The sound of gushing water from below has got to be right up there on any voyaging sailor’s list of worst nightmares. On Morgan’s Cloud, given that we believe that any pump that is practical for a yacht, no matter how powerful, is going to be of limited use in a flooding situation, we have always pursued a strategy of prevention, coupled with the gear and training to quickly stop a leak if one did occur.
But two of the comments to our recent bilge pump post got us rethinking:
- Matthew pointed out that the pump we put such faith in is not thermally protected and will likely burn out in under an hour in an emergency situation.
- Dick pointed out that large manual bilge pumps, like our huge Edson, are really pretty useless for a short handed crew because they are exhausting to operate and, worse still, using them will distract the crew from what should be the primary goal in a flooding situation: find and plug the leak. (By the way, I strongly recommend that everyone read Dick’s excellent flooding strategy article.)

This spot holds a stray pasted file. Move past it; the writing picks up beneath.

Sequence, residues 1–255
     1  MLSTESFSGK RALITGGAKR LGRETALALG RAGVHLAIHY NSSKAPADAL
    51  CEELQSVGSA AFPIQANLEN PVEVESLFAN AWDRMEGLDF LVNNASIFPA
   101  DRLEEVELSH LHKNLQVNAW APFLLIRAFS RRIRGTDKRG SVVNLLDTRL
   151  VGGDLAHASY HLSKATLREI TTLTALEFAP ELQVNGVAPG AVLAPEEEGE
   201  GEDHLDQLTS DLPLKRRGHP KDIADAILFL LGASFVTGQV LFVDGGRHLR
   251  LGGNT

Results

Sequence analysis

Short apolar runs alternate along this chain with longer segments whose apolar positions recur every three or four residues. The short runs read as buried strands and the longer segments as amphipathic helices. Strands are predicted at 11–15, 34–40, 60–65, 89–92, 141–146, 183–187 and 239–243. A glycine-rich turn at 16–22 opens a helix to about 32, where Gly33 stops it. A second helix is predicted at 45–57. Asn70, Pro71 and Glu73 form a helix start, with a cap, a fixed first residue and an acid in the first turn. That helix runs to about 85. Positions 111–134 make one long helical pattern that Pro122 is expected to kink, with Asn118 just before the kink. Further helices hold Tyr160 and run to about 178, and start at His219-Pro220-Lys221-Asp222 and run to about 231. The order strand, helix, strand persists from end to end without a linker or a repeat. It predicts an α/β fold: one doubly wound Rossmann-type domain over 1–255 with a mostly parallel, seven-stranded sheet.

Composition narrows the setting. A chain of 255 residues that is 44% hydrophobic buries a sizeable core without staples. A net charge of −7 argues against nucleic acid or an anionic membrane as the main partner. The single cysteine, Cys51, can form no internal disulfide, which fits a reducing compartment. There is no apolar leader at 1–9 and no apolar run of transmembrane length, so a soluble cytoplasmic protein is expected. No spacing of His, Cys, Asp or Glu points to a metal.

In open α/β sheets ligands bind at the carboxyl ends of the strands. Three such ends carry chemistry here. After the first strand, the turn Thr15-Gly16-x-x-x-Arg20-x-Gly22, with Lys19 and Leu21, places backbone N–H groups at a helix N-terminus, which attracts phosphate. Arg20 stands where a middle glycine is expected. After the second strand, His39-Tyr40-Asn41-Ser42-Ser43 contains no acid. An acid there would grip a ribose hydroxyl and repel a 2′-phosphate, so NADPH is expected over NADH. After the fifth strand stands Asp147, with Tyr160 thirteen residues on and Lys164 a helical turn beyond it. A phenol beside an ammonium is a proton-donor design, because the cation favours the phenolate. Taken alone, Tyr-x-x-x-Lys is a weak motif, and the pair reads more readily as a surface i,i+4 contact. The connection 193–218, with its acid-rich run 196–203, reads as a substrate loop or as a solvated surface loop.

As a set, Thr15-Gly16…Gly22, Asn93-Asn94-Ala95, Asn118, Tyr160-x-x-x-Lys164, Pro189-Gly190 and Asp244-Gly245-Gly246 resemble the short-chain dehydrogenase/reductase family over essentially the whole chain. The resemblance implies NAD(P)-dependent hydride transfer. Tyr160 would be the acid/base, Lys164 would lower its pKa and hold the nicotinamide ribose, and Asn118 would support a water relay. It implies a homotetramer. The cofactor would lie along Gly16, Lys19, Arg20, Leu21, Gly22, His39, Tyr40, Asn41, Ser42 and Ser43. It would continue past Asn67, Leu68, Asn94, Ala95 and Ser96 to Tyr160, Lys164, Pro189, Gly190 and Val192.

Thanks to these two comments, and the others on the post, we came to the following three conclusions:
- Our bilge pumps on Morgan’s Cloud were not adequate to at least slow the rising water while we looked for the cause of flooding, or to pump out the huge volume of water that might be left in the boat after we (hopefully) found and plugged a bad leak.
- That we needed a pump that would run continuously for long periods and that would automatically cycle on and off using thermal protection if it did overheat.
- There was no recreational electric bilge pump that was large and robust enough to do the job and had thermal protection.
So we went looking for an alternative in the commercial and industrial world and found a good solution.